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Forking react-scripts to a private repo

August 25, 2019

If you use create-react-app, eventually you might reach a point where you want to modify the build scripts (aka webpack configs) yourself.

This is often because you are using libraries that come with their own babel plugins (I’m looking at you, styled-components).

Really, the best way to go about this is to fork react-scripts into your own npm module. However, for various reasons (i.e. your boss) you might be encouraged to fork it to a private repository instead.

This actually is possible, and below I will outline a way to go about this. Keep in mind that with the speed of development on react-scripts, whatever I describe might go out of date very quickly however.

Also, I would just like to point out that the steps below are a lot of added work. If you don’t have to fork to a private repo, don’t!

There are certain steps I will gloss over because they exist already in tutorials of how to fork react-scripts to your own npm module. I will try to tackle some of the key parts below, but really you should have a deep knowledge of yarn workspaces, npm modules and package.json.

Use yarn

Firstly, because react-scripts resides in a monorepo structure that uses yarn workspaces, I would recommended using yarn for your fork of react-scripts.

What ARE yarn workspaces?

Yarn workspaces are really just folders within your project that have their own package.json. This means you can have packages with different dependencies and node binaries. In the case of create-react-app that looks a bit like this:

create-react-app
- package.json
- yarn.lock
    --react-scripts
        - package.json
    -- other packages inside of create-react-app
        - package.json

This structure allows you to use npm or yarn to manage multiple dependencies and versions of each folder that you tell yarn is a workspace.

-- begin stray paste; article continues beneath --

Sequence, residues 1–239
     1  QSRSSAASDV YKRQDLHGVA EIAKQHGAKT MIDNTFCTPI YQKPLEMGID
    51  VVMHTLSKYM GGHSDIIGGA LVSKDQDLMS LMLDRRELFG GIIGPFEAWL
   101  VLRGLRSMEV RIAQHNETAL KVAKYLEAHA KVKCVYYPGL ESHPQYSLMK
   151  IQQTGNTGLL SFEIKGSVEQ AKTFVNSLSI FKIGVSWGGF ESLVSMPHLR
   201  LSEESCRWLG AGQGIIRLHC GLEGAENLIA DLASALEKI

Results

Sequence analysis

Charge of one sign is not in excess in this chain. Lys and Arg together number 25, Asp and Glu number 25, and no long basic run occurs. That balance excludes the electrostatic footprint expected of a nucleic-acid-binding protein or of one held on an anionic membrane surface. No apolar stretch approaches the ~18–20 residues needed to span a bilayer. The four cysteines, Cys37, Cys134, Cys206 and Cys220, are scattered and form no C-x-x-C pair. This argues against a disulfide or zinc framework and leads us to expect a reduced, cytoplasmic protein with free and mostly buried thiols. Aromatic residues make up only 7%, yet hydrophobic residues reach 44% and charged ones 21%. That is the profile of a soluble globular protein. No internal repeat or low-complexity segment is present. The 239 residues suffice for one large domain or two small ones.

Note that there is only ONE yarn.lock file and that it resides in the root directory. This is because when you add a dependency to say, the react-scripts package.json it will modify the yarn.lock in the root of the project. This way, you can install the project and all of it’s subprojects dependencies with one command.

Yarn workspaces are very powerful, they allow you to do things like have a single repo for things like your frontend and backend combined, or your frontend combined with your design system.

Fork create-react-app, or just react-scripts?

Forking create-react-app is quite easy, you just press the fork button in github.

Forking the workspace react-scripts that’s inside of create-react-app is another issue however. How do you even keep a fork of the workspace up-to-date?

I chose the former in case you are wondering.

Use yarn link until you get things right

While you are modifying your fork of react-scripts, you’ll want to use yarn link to link react-scripts to your project.

Think of yarn link as a temporary yarn install or npm install. With yarn link, you can keep modifying the code in react-scripts, and your React project will just automagically have those updates.

Modify the root package.json

This is where things start to get very messy. In a regular fork of react-scripts, you would modify the package.json that is inside of the react-scripts folder. But oh no!

Because you aren’t making this an npm module anymore, you have to treat the root package.json in create-react-app as the package.json for react scripts.

This means, first of all, moving the binary for react-scripts over:

"bin": {
    "react-scripts": "./packages/react-scripts/bin/react-scripts.js"
}

Then, moving all of the dependencies for react-scripts over:

"dependencies": {
    "cross-env": "^5.2.0",
    "babel-plugin-styled-components": "1.10.4",
    "@babel/core": "7.4.3",
    "@svgr/webpack": "4.2.0",
    // everything else, there are a lot here!

Modifying the paths file

By now you can see where this is starting to go…you are almost doing what ejecting your create-react-app does.

By now, if you linked, react-scripts is kind of working for you, but it’s showing the original template files instead of your actual React project. To fix this, you need to go into the /config/paths.js file and look for this line:

// config before publish:  we're in ./packages/react-scripts/config/

if (
   !reactScriptsLinked &&
   __dirname.indexOf(path.join('packages', 'react-scripts', '// ')) !== -1
 ) 

Delete that entire if statement, and the constants above that were needed for it, and you should see your React project again.

Use the repo url in your package.json file

At this point you’ll want to push your branch to your repo. You can either tag or branch your work, just make sure to comment the beginning and end of all the line changes you made so when you update your fork, you can tell what changes are yours versus changes from react-scripts itself.

"dependencies": {
    "my-forked-react-scripts": "user/repo#feature\/branch"
  }

Reference:

https://docs.npmjs.com/files/package.json#git-urls-as-dependencies

https://docs.npmjs.com/files/package.json#github-urls


Nicole Chung

Nicole Chung lives and works in Toronto. When she is not working she mostly listens to her friends telling absurd stories.